Guilt

The burden of my guilt before the law
weighs light upon my shoulders; to plot
and to conspire was my duty to the people;
I would have been a criminal had I not.

I am guilty, though not the way you think,
I should have done my duty sooner, I was wrong,
I should have called evil more clearly by its name
I hesitated to condemn it for far too long.

I now accuse myself within my heart:
I have betrayed my conscience far too long
I have deceived myself and fellow man.

I knew the course of evil from the start
My warning was not loud nor clear enough!
Today I know what I was guilty of…

To those who are still quiet, to those who continue to betray their conscience, to those who are not calling evil more clearly by its name, to those of us who are still not doing enough to refuse and resist, I say "come forward." I say "free your minds." Let us, collectively, free our minds, soften our hearts, comfort the wounded, put down our weapons, and reassert ourselves as human beings by putting an end to war.

–Camilo Mejia

Co-sponsored by Women Against War and Bethlehem Neighbors for Peace.

 

Our press release:

Camilo Mejia, First Iraq Veteran to Refuse to Fight the War in Iraq, Amnesty International Prisoner of Conscience, To Appear in Troy

TROY–Author, anti-war activist, prisoner of conscience and chairman of the board of Iraq Veterans Against the War, Camilo Mejia will speak about his experiences and his book "Road from Ar Ramadi: The Private Rebellion of Staff Sergeant Mejía" at The Sanctuary for Independent Media on Tuesday, October 28, 2008 at 7 PM. Admission is by donation ($10 suggested, $5 student/low income). The Sanctuary for Independent Media is located at 3361 6th Avenue in north Troy (at 101st Street). Call (518) 272-2390, email info@MediaSanctuary.org, or visit www.MediaSanctuary.org for directions and more information.

Camilo Mejia joined the military at the age of nineteen, serving as an infantryman in the active-duty army for three years before transferring to the Florida National Guard. After fighting in Iraq, Mejia became the first known Iraq veteran to refuse to fight the war in Iraq, citing moral concerns about the war and occupation. He was eventually convicted of desertion by a military court and sentenced to a year in prison, prompting Amnesty International to declare him a prisoner of conscience.

Mejía is a former student of the University of Miami in Coral Gables, Florida, where he intended to major in psychology and Spanish on a military-funded scholarship. Mejía spent six months in Iraq (his first combat tour after enlisting), then returned for a 2-week furlough to the US after which he did not return for duty. He was charged with desertion and sentenced to one year in prison for refusing to return to fight in Iraq. In March 2004 he turned himself in to the US military and filed an application for conscientious objector status.

Mejía was court-martialed, and claimed that he left his post in order to avoid duties that could be considered war crimes: more specifically, the abuse and torture of prisoners. One of his attorneys, former United States Attorney General Ramsey Clark, claimed that he was thus protected from desertion charges by international law.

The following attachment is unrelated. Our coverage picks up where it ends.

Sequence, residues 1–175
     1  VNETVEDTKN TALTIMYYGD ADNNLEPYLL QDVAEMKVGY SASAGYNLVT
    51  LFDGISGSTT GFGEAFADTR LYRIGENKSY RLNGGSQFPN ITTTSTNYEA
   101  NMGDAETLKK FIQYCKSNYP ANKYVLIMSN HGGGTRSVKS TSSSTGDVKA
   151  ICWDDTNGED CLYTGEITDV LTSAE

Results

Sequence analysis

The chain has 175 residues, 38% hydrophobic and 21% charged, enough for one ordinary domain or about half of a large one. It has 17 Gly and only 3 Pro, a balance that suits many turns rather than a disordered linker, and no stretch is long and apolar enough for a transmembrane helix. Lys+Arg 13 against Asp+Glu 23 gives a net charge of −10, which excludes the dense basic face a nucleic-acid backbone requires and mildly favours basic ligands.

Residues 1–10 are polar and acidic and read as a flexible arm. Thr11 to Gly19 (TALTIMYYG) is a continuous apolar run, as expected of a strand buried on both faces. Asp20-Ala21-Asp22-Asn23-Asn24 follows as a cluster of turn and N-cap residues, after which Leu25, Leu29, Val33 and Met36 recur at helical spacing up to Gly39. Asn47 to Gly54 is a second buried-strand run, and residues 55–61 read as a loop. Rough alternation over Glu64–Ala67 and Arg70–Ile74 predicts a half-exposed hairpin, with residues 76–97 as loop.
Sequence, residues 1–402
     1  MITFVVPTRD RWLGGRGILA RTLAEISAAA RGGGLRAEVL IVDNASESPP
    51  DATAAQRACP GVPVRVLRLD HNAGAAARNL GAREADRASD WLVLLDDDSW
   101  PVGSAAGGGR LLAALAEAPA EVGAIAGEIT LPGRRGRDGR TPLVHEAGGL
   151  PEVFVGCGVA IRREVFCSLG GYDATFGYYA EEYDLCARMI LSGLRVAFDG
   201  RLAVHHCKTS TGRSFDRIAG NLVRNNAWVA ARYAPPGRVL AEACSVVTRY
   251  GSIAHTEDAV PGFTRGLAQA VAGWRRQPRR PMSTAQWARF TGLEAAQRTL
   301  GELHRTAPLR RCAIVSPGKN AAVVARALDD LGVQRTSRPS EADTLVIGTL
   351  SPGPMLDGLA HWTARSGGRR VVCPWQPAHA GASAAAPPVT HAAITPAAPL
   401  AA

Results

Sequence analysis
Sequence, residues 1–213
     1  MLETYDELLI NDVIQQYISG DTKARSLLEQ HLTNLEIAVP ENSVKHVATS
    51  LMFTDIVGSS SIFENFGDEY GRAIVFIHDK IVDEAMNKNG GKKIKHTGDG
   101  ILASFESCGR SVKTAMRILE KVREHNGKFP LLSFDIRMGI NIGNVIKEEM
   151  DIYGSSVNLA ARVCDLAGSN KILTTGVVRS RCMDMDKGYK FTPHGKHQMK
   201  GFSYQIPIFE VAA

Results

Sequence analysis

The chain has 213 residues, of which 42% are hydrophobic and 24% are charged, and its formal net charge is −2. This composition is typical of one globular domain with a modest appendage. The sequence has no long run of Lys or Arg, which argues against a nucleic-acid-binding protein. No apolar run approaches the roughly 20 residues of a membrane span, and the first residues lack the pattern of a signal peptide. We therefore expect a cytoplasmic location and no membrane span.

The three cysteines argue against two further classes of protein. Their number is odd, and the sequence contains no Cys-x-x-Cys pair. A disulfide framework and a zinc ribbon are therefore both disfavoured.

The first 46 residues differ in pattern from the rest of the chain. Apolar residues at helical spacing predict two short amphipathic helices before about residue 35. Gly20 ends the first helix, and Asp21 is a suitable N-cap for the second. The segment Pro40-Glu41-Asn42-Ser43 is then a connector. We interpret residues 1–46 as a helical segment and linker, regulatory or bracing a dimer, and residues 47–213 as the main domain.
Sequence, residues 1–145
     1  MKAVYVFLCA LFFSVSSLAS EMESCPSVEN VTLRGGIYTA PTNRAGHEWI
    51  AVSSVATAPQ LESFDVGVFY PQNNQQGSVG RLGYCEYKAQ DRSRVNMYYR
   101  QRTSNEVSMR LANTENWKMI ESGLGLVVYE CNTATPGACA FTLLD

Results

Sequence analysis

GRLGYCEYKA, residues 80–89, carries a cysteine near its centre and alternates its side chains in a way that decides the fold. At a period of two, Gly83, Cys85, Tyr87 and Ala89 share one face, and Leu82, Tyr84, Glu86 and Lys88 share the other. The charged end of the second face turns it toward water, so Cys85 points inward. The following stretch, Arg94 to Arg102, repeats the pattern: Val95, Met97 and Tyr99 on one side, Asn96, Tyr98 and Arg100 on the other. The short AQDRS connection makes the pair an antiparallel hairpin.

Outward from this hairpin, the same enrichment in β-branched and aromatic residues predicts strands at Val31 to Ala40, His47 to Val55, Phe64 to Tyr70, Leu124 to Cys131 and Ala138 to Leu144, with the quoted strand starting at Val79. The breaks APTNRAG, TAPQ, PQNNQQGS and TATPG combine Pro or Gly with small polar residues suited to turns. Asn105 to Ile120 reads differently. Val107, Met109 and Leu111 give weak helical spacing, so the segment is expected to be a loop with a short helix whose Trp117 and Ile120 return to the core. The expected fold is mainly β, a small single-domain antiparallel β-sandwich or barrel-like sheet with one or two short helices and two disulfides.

On May 21, 2004 Mejía was convicted of desertion by a military jury and sentenced to a year in jail and a bad conduct discharge. Under Article 85 of the Uniform Code of Military Justice, conviction on the charge of desertion during time of war can result in a sentence of death.

Mejía served his time at the Fort Sill military prison in Lawton, Oklahoma. During his time in custody he was recognized by Amnesty International as a prisoner of conscience and was awarded by Refuse and Resist with its Courageous Resister Award.

Camilo was also recognized by the Detroit City Council with a commendation for his stand. Detroit was the first city where Mejía spoke at an anti-war rally. While confined, local and national activists organized a series of vigils outside the gates of Ft. Sill, including one attended by Kathy Kelly and other members of Voices in the Wilderness.

Camilo Mejía was released from prison on February 15, 2005. Since his release, he has spoken at many peace protests and to the press about his experiences and his opposition to the war in Iraq.

Mejía has recently written a book entitled "Road from Ar Ramadi: The Private Rebellion of Staff Sergeant Mejía" (Haymarket Books, 2008) which recounts his journey of conscience in Iraq:

"I say without any pride that I did my job as a soldier. I commanded an infantry squad in combat and we never failed to accomplish our mission. But those who called me a coward, without knowing it, are also right. I was a coward not for leaving the war, but for having been a part of it in the first place. Refusing and resisting this war was my moral duty, a moral duty that called me to take a principled action. I failed to fulfill my moral duty as a human being and instead I chose to fulfill my duty as a soldier. All because I was afraid. I was terrified, I did not want to stand up to the government and the army, I was afraid of punishment and humiliation. I went to war because at the moment I was a coward, and for that I apologize to my soldiers for not being the type of leader I should have been."

In August 2007 Mejía was named the chair of the board of directors of Iraq Veterans Against the War.

The event is co-sponsored by Bethlehem Neighbors for Peace and Women Against War, made possible by contributions from hundreds of patrons of The Sanctuary for Independent Media.

The Sanctuary for Independent Media is a community media arts and production center located in an historic former church in Troy, NY. The venue is an intimate and acoustically excellent space which seats about 150. The Sanctuary hosts screening, production and performance facilities, training in media production and a meeting space for artists, activists and independent media makers of all kinds.

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Hi res photo of Camilo Mejía:
www.MediaSanctuary.org/files/images/CAMcoverCROP3.tif

CBS News interview with Camilo Mejía:
http://www.cbsnews.com/stories/2004/03/29/60II/main609216.shtml

Democracy Now! interview with Camilo Mejía:
http://www.democracynow.org/2007/8/23/war_resister_camilo_mejia_elected_to